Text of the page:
So, 2nd dive we were supposed to go down a straight line from the dock. But I had big trouble equalizing this time. Same happened to Christine, so we stayed back with the divemaster. We could barely make it halfway down when we had to get back to the surface. We tried to go slower but it was painful and it took a very long time to get to the platform. By now, Joe was done with the other 2 students, and we were low on air, so we had to bail out. Failed 2nd dive and felt like crap. But… Joe was so incredibly great that he offered, if we were capable of doing it, to stay with us and attempt to do the second mandatory dive again. It wasn’t hard to decide for us, because it was this, or end the weekend and try it another time. This surface interval was probably even longer, had to get our bearings, refill the tanks, and pray that we won’t fail again. First weekend of diving, and getting ready for a third dive?? (I know, 2nd dive doesn’t count since we failed it, but I still went down and breathed through all the air in my tank).
But we finished getting ready in the late afternoon, barely made it to the water with my new diving buddy, and set off to the buoy for a more controlled descent. Joe had extreme patience, and guided us with our hands on the line, no more than 6-10″ at a time, stopping every time until we both confirmed we’re OK. Took us probably 10 minutes to get to the platform, but it was all good once there. Then we went through the list of skills… Complete mask removal, which always sounds scary, but after everything I went through felt like a breeze; Orally inflating the BCD for hovering (not scared of letting go of the regulator anymore); And the hardest: the out-of-air maneuver when you use your buddy’s octo, which is not hard in itself, but since we both had to do it, it meant one more descent from the surface (again, slow and patient). But Dive #2 was done and checked off, and kudos for Joe for staying till 4:30 with us to do it (we started at 7:30 in the morning).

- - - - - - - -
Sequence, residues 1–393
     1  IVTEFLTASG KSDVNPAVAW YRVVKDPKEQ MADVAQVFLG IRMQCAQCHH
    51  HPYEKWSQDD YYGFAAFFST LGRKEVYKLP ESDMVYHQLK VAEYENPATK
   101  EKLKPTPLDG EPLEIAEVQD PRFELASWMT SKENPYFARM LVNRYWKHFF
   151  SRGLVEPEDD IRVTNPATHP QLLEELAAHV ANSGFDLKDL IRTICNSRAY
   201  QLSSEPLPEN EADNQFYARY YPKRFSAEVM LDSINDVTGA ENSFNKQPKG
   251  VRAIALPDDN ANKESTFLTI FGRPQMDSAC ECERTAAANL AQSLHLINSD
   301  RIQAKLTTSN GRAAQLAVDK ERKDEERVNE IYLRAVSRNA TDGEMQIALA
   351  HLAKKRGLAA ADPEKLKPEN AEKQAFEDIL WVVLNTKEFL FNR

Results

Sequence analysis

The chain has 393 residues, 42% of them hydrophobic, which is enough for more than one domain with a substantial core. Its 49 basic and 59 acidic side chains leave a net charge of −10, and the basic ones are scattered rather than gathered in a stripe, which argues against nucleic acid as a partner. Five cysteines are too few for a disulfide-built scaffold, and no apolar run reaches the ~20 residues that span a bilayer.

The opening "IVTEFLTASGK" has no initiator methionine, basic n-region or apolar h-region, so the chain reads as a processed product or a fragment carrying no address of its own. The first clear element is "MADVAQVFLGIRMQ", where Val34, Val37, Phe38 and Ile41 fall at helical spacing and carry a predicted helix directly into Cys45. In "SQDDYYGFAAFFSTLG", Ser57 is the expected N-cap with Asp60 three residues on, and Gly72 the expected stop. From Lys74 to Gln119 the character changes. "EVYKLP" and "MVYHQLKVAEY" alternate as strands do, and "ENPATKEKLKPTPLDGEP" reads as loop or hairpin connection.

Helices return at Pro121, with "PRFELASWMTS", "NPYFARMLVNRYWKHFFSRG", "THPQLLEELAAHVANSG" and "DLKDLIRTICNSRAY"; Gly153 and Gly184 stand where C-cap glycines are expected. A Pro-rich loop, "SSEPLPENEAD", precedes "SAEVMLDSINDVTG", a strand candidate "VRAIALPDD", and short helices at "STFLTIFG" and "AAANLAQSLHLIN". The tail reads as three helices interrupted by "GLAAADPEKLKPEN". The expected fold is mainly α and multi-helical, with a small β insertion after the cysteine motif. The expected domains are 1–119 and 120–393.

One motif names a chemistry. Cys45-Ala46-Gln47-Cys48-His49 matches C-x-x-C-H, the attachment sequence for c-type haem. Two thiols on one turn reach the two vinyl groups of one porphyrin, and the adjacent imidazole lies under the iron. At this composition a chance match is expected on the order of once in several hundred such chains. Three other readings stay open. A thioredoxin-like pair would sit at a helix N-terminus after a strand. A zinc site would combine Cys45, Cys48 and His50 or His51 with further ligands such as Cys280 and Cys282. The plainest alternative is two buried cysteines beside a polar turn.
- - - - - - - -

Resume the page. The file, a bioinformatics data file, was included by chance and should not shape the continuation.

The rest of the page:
I went home and I was in a daze. More tired than I can remember being after a marathon (those last just over 4 hours, not 9 hours, duuuh). Ears felt full of something (water?), head was hurting, I could barely focus on anything. Once at our chalet after a 40 minutes drive, I could drink 2 beers, eat a gyro and some snacks, watch some Olympic swimming and crashed. When I woke up the next morning (after not much sleep, due to stress) I was feeling horrible. Both ears muffled, a complete state of exhaustion, tired, I didn’t think I could even walk to the car. Honestly, I didn’t think I was able to complete any dive, and I told that to the instructor. He confirmed that in any case of pain or serious discomfort, I should just stop, and then do the remaining 2 dives on another weekend. It wasn’t just the physical pain, but mental as well, I was just depressed and stressed about it.
2nd day I got paired with Christine from the beginning, since we were the “problem people”. The divemaster was instructed to take it easy with us on the descent. This time it was just with a visual reference, but he allowed us to grab the line just to help adjust the rate of descent. And now the big surprise – this first descent, and all the subsequent ones (there were 5 total this day!!) I had absolutely zero equalizing issues. Christine seemed to be much better as well. Yes, we took longer than everyone else, but it was a steady descent and before I knew it I was on the platform.